Mo Wilkerson could be key to Jets' quest for franchise-caliber quarterback

The Jets need to move up from the draft's No. 20 pick if they want a shot at QBs Jared Goff, left, or Carson Wentz. USA TODAY Sports, AP Photo

A look at what's happening around the New York Jets:

1. Trade-up possibility: The Jets are approaching the NFL draft as if they're outside a nightclub with a VIP card, flashing it in an attempt to jump the line and get into the big room. There's a name on the card: Muhammad Wilkerson.

Wilkerson is their entree into the top 10, the bargaining chip that could allow them to improve their current position, 20th. Because of their surplus at defensive end, the Jets see Wilkerson as a movable asset. They see a trade as a cap-clearing, need-filling measure, and that's why they're exploring potential trade-up scenarios.

In my opinion, the only way a Wilkerson trade makes sense is if he brings back a quarterback, Jared Goff or Carson Wentz. In that case, you could justify dealing your best defensive player, who still is only 26 years old. Otherwise, it's just a glorified fire sale unless they get blown away by an offer.

If the Jets walk away with one of this class' top two quarterbacks, they will have successfully used Wilkerson to address a decades-old issue: The franchise-quarterback void.

The wild card is Paxton Lynch, widely regarded as the No. 3 quarterback. The Jets are showing interest -- a staffer was buzzing about his arm strength at his wind-swept pro day -- but they might not have to trade up for him because he could slip to 20. Lynch is considered less NFL-ready than Goff and Wentz, so I'm not sure if he'd be worth a trade that includes Wilkerson.

Just because the Jets are motivated, there's no guarantee a trade will happen. The unsigned Wilkerson has the franchise tag, which means it takes three to tango. Both the Jets and Wilkerson have to find a team willing to meet his contractual demands and surrender compensation to the Jets. Easier said than executed.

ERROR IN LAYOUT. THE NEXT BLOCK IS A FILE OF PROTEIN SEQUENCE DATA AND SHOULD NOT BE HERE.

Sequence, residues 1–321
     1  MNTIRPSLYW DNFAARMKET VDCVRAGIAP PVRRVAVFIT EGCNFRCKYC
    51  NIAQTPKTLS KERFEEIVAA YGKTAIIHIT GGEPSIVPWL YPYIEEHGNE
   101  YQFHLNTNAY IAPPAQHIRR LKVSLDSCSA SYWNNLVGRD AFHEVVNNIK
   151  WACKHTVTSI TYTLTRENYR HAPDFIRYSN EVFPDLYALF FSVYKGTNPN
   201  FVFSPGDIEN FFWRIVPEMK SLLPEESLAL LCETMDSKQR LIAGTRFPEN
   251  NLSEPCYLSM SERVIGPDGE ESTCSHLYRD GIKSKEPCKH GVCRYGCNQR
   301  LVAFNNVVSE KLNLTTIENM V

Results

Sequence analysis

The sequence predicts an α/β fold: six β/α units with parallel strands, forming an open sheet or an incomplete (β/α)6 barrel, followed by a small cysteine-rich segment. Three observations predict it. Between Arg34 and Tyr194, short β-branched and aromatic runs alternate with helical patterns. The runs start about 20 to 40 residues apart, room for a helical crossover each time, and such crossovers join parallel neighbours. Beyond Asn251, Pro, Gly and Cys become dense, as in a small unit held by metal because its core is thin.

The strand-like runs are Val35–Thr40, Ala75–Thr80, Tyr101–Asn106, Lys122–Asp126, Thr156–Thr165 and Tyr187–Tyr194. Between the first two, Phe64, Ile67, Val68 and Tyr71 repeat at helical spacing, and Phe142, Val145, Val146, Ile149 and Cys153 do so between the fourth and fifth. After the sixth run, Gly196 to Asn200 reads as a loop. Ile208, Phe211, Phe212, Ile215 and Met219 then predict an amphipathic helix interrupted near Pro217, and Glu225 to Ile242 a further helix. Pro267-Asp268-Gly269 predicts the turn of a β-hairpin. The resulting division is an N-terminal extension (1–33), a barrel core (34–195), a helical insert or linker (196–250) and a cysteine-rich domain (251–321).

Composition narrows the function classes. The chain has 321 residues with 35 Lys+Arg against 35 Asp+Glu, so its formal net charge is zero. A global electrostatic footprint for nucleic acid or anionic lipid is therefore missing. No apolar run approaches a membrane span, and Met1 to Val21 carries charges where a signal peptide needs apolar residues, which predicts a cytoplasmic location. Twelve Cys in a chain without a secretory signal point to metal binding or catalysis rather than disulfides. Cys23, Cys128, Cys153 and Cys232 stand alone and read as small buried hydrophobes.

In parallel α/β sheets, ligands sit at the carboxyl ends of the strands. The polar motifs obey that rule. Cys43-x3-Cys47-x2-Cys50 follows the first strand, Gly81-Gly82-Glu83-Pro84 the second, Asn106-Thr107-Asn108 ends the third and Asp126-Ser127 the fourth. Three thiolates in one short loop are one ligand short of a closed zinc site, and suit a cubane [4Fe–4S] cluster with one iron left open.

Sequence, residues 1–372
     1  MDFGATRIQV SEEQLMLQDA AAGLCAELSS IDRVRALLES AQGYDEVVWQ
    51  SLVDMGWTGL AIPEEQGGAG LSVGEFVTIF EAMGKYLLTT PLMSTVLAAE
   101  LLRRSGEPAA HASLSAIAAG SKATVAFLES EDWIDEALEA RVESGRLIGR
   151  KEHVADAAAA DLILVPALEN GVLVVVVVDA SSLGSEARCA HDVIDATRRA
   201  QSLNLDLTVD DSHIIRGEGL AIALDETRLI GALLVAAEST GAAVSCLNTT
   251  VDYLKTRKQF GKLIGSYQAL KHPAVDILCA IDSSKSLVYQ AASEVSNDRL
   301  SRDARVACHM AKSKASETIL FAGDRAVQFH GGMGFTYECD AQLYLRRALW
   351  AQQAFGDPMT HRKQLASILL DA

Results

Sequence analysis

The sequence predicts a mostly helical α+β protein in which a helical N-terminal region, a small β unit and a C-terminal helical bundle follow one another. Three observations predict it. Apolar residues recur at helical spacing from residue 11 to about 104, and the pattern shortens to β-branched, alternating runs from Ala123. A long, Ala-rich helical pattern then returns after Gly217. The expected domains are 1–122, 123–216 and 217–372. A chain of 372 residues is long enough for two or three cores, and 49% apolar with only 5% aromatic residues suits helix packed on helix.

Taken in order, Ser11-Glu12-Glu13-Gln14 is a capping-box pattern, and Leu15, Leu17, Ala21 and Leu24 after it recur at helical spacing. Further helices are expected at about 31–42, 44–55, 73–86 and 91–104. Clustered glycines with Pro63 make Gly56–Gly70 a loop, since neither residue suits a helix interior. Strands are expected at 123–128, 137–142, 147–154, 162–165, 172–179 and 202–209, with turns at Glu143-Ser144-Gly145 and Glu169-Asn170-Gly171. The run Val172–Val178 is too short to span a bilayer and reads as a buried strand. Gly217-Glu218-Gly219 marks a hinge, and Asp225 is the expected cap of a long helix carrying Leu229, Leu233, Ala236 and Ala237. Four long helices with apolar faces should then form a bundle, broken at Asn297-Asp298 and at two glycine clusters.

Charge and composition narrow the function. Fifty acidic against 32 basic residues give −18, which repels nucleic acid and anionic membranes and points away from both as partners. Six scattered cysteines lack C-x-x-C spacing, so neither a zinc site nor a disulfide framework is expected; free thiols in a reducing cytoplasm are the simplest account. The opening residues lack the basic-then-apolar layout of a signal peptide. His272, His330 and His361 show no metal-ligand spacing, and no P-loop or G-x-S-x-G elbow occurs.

2. Anticipating a Mo-show: Wilkerson isn't expected to show up Monday for the start of the offseason program, which is voluntary. First of all, he's still rehabbing his surgically repaired broken leg. He also hasn't signed his franchise tender, so there's no injury protection. What if he throws out his back while lifting weights? Once he signs the tender, his $15.7 million becomes guaranteed. But he's not likely to sign it anytime soon.

3. Unhappily ever after? D'Brickashaw Ferguson represents a rarity in sports, an athlete who spent his entire career with one team -- his hometown team. He grew up on Long Island, got drafted in the first round and walked away 10 years later with more money than he ever could've imagined. Wilkerson, a Jersey a kid, has a chance to do the same thing, but does anybody actually believe it'll happen? Didn't think so.

4. Bah, humbug: The Jets have a right to be cranky about their brutal stretch in December -- three games in 13 days, including a trip to San Francisco for the middle one. But there's another AFC East team facing a similar plight -- the New England Patriots -- and the Jets could be the beneficiary.

The Patriots host the Baltimore Ravens on Dec. 12, travel to the Denver Broncos on the 18th and host the Jets on the 24th. Three games, 13 days. The Patriots could be dragging in Foxborough, Massachusetts, on Christmas Eve, while the Jets should be relatively refreshed after a full week following a home game. Maybe that will help them win there for the first time since the 2010 playoffs.